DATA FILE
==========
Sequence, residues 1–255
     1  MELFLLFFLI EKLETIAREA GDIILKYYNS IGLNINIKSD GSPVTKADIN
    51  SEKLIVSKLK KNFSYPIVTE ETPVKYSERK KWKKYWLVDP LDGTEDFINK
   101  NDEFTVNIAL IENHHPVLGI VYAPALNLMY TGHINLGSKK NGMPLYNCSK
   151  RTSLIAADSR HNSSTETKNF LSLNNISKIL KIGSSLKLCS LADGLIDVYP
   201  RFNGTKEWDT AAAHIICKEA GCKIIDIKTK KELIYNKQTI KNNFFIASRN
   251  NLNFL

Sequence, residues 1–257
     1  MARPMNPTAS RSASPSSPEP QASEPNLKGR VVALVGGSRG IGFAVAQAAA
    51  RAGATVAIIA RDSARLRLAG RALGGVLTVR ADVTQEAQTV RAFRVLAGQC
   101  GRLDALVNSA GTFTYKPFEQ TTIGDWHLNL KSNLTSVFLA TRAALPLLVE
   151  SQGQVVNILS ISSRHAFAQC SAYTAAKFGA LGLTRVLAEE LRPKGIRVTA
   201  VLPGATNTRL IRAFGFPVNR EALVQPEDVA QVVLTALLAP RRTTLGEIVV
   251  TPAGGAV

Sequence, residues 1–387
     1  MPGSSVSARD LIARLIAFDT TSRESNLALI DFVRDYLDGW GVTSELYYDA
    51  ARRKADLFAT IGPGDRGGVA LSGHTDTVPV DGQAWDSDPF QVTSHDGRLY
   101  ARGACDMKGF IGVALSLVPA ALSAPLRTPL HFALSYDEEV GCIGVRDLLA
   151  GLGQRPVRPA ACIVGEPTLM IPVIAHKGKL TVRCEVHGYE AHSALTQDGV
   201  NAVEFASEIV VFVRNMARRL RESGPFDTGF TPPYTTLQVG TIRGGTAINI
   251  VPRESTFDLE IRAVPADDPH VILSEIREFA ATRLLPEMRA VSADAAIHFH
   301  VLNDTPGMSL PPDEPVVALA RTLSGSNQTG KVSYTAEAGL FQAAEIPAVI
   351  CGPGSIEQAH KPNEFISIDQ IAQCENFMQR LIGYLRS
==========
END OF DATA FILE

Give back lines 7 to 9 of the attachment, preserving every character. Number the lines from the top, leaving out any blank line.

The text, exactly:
   251  NLNFL

Sequence, residues 1–257
     1  MARPMNPTAS RSASPSSPEP QASEPNLKGR VVALVGGSRG IGFAVAQAAA